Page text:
By Jorie –
Migraine, at least as most of society knows it, simply consists of bad head pain, a little nausea, and that’s probably about it. But it’s so much more than that.
If you don’t personally experience migraine, you probably aren’t aware of the continuing, crazy medley of intriguing, confusing, and rather unpleasant symptoms accompanying this monster. Even doctors often don’t realize these symptoms are directly related to migraine.
Yes, the head pain is agonizing, and the nausea often unbearable, but what about feeling like you’re in some psychedelic dream? Smelling strange odors that aren’t there? Or maybe forgetting how to speak coherent words? Unable to distinguish sizes. What about touching your head and finding that your hair feels like it’s on fire?
These are just a few of the extra strange neurological sensations many of us migraineurs deal with on a regular basis with our attacks. So here are my top 5…
1. Olfactory Aura.
I perk my head up from the laptop where I’m working diligently; a burning smell has consumed my nostrils, so real that I would think there were a fire blazing over in the kitchen. But, it’s nothing. This is often my tell-tale sign of an oncoming migraine, though: the distinct odor of burning matchsticks or a campfire just stomped out and still smoking into the air.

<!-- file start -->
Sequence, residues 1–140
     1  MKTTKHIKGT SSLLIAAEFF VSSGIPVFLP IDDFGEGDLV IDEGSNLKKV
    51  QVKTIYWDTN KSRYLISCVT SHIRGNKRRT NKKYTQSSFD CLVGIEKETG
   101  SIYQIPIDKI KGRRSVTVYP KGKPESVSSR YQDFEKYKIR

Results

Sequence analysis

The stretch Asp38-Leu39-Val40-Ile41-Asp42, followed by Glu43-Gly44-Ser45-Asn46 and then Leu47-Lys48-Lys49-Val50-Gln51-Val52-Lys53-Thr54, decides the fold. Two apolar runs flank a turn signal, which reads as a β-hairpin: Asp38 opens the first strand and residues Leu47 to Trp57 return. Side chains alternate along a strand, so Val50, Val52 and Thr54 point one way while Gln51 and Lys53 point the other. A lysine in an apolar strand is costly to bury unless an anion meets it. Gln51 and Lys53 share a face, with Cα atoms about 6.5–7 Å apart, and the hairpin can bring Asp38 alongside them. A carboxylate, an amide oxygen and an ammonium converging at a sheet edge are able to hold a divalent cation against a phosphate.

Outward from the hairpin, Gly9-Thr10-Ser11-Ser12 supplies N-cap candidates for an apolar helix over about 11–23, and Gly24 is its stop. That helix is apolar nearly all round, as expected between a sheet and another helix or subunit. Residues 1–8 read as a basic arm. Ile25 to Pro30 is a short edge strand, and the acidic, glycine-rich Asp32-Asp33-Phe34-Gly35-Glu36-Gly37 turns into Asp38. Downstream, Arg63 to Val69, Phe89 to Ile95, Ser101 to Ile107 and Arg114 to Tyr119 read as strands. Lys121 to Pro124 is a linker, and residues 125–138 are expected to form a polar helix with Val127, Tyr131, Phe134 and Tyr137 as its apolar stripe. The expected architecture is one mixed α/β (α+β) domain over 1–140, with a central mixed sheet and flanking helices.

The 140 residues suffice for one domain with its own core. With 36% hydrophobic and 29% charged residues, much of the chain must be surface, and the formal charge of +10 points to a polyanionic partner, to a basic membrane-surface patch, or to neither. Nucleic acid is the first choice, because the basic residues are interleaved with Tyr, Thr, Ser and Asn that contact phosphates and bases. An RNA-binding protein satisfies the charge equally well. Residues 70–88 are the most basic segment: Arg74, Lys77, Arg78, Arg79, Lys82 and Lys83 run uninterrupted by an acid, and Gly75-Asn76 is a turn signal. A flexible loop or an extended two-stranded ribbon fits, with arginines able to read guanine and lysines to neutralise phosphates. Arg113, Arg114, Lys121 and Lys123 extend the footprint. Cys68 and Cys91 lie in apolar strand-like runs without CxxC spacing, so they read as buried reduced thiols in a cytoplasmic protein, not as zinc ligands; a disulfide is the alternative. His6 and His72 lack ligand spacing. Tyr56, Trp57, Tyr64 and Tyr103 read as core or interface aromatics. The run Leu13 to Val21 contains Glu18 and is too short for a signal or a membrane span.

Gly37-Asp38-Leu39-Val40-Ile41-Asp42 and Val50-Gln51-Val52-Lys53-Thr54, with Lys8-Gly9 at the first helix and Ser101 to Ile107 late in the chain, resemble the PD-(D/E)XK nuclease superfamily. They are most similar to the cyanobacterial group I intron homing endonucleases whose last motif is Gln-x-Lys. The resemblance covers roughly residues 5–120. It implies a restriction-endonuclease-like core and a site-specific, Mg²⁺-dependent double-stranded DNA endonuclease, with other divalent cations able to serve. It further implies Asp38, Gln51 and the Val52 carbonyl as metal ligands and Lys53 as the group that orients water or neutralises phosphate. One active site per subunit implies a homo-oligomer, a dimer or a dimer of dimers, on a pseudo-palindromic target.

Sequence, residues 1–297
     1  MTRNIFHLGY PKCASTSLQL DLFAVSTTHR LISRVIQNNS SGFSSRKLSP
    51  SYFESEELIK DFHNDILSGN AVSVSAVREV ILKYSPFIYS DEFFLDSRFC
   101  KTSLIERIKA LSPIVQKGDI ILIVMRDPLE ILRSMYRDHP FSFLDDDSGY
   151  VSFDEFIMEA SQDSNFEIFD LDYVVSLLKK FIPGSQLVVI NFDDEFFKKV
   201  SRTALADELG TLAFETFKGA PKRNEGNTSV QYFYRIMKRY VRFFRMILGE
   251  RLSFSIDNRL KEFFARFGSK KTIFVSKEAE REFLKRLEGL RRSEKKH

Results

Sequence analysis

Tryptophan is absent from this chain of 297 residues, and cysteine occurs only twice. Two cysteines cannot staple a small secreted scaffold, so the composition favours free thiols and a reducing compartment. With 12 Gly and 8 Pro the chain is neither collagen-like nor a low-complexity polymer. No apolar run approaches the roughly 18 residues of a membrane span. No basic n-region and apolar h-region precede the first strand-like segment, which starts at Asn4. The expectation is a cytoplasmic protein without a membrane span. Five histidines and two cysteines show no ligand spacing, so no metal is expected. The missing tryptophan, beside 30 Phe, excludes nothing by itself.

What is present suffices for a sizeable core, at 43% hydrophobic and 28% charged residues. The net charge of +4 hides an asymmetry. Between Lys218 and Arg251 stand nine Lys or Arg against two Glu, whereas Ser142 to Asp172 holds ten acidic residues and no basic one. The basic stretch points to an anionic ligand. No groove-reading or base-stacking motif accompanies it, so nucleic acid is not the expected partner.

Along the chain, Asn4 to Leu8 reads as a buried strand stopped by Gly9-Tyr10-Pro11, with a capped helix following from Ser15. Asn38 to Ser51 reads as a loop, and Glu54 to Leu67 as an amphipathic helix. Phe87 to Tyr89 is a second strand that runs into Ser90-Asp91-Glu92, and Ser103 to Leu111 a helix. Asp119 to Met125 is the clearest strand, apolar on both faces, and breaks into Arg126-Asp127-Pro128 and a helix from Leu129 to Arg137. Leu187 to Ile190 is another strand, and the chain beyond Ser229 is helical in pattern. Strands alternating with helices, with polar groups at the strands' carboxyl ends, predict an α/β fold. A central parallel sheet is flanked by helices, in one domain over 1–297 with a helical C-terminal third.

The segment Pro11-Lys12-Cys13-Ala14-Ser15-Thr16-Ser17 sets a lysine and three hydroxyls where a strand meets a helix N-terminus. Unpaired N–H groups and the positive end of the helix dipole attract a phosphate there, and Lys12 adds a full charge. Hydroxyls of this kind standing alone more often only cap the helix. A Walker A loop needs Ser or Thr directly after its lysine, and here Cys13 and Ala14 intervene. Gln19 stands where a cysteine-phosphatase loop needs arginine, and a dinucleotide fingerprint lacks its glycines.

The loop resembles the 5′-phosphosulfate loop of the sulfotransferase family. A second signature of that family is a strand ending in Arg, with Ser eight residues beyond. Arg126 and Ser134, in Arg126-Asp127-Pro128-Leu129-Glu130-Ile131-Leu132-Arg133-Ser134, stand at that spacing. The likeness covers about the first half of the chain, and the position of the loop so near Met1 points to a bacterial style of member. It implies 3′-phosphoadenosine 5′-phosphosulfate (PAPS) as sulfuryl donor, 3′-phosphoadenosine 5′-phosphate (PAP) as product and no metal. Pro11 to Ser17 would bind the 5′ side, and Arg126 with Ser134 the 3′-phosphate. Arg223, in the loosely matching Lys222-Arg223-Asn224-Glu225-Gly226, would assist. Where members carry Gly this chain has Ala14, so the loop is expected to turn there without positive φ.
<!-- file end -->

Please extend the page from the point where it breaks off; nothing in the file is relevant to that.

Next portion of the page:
An olfactory aura, also known as phantosmia, is an aura that happens via smell instead of the more popular way of vision. Auras in general happen for 20-25% of people diagnosed with migraine. One study reports only 0.7% of auras were olfactory, making them extremely rare. There are many types of reported olfactory auras; burning is one of the most common, but they also range from the smell of gasoline to the smell of sewage and more rarely, pleasant, flowery smells.
2. Aphasia and Dysarthria.
My tongue is heavy and hangs like a wet, overripe fruit in my mouth. Big and soft and limp. I can hear myself speaking in the distance, through mud and muck. My words drag along as my mouth makes motions that don’t match up. None of the sounds come out properly. They roll around, while in my mind I’m perfectly understandable. Everyone stares at me, I’m sure, thinking, “is she drunk?” I accept their reactions and laugh it off. I’m far from drunk.
A somewhat common, but less reported symptom of migraine, aphasia and dysarthria can range from mild to severe and generally happens with patients who have a complex type migraine such as hemiplegic migraine or migraine with brainstem aura. Statistics aren’t widely reported for either of these symptoms, but one study found that only 1-4% of migraine patients experience aphasia at any time during their migraine phases.
3. Allodynia and Paresthesia.
As the migraine settles in, the sensation in my hands becomes like static—a tingly, half-numb feeling. Grazing my head or face results in a fiery sensation, a sunburn on steroids. My skin burns to the touch. I squeeze my hands into hard fists trying to shove the static sensation away, relaxing my hand and tightly balling it up again repeatedly. Nothing ever seems to help.